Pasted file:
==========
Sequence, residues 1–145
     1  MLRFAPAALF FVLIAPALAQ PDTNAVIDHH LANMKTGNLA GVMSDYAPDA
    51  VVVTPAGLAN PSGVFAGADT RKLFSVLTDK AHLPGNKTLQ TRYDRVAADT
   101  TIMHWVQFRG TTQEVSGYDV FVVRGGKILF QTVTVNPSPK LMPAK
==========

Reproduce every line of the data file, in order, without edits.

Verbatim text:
Sequence, residues 1–145
     1  MLRFAPAALF FVLIAPALAQ PDTNAVIDHH LANMKTGNLA GVMSDYAPDA
    51  VVVTPAGLAN PSGVFAGADT RKLFSVLTDK AHLPGNKTLQ TRYDRVAADT
   101  TIMHWVQFRG TTQEVSGYDV FVVRGGKILF QTVTVNPSPK LMPAK